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Fri, Oct 19, 2012

Spitfires To Be Unearthed In Burma

Agreement Will Allow Excavation Of Dozens Of The Planes Buried By The British

Nearly 70 years ago, British forces buried dozens of Spitfire fighter aircraft in Burma to keep them out of the hands of invading Japanese forces. The aircraft, properly crated and preserved, have lain hidden underground in Burma ever since.

Now, a British aviation enthusiast, David J. Cundall, has uncovered their location after 16 years of searching for the aircraft, and a deal has been struck between the British and Burmese governments to allow them to be unearthed and brought home.

And it's not just a few. There are an estimated 60 of the iconic fighters in the ground in Burma, according to a report appearing on Fox News. The Myanma Ahlin newspaper said that the two sides had signed an agreement Tuesday. Htoo Htoo Zaw, the manager of Cundall's partner in Burma the Shwe Taung Paw company, said it will be "the largest number of Spitfires in the world." A British embassy spokesman said that some will be displayed in Burma, but that he hoped many would be brought back to a flyable condition in the U.K.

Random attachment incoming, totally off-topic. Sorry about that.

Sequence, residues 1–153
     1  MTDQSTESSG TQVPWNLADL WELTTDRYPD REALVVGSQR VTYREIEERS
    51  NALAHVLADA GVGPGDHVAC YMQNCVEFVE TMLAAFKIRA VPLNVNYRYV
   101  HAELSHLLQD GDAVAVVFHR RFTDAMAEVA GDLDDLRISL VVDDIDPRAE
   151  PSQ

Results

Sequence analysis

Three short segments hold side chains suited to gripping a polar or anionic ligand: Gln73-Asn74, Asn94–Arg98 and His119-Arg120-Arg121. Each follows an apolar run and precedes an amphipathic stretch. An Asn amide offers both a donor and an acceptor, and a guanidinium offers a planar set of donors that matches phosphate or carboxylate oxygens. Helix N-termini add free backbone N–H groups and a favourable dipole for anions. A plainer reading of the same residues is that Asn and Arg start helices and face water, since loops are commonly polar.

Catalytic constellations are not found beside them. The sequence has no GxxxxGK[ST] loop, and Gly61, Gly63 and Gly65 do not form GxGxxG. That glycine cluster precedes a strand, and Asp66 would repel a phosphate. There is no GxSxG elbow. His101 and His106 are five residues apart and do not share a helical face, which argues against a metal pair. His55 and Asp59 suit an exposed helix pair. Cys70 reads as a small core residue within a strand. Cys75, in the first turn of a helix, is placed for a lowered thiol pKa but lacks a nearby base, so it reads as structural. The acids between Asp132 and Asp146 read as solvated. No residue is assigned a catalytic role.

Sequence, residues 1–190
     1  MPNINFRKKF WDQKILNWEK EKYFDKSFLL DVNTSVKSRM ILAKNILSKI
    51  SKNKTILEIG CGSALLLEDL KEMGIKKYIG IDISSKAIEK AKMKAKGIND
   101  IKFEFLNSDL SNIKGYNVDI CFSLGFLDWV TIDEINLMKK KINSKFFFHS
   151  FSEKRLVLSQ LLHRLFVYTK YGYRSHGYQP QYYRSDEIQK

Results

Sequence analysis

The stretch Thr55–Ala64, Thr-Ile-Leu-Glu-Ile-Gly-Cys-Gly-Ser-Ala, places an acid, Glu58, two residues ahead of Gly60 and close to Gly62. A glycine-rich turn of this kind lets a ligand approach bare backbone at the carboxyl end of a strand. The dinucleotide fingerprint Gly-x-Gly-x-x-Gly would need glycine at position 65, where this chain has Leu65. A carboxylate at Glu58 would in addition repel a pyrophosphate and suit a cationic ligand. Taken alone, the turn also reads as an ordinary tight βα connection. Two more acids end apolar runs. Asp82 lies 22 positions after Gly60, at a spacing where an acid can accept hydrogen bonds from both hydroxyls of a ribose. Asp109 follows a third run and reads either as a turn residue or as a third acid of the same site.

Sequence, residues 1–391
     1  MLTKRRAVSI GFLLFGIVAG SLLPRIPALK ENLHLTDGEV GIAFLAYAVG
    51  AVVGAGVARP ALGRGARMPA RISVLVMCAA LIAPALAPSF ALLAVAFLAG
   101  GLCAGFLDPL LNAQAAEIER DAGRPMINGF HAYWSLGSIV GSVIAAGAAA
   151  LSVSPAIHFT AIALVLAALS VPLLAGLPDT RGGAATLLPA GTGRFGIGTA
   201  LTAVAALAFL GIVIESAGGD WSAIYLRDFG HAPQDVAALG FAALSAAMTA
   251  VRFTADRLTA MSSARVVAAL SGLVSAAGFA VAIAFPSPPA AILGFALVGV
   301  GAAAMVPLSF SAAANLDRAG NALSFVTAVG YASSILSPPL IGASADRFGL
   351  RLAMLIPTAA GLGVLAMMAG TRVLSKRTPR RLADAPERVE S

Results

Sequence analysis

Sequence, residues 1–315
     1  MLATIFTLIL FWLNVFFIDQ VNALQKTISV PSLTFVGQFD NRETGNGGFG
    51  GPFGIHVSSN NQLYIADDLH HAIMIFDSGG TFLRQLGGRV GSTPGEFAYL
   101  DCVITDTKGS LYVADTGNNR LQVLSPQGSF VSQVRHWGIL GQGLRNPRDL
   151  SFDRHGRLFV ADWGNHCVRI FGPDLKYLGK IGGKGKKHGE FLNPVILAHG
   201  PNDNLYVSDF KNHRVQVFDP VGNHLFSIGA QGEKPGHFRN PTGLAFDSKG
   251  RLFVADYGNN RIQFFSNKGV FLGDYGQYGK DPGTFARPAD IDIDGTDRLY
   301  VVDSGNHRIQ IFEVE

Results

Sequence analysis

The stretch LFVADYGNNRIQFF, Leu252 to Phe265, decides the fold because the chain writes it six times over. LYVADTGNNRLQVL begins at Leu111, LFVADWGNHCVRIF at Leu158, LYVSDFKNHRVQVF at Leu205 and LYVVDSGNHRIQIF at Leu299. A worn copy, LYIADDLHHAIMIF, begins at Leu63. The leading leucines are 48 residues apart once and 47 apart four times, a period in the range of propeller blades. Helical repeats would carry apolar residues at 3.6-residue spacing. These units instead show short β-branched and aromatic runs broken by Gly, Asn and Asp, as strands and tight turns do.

At least one organization, the Boultbee Flight Academy in Britain that is dedicated to the Spitfire, said it was disappointed that it will not be involved in the recovery effort, and that it hopes some of the aircraft will be used to re-build ties between Britain and Burma. The British Embassy said that the project will give the U.K government an opportunity to work with the new reformist government in Burma.

The recovery effort is expected to get underway by the end of the month.

(Spitfire image from file)

FMI: www.britannica.com/EBchecked/topic/560558/Spitfire, www.boultbeeflightacademy.co.uk

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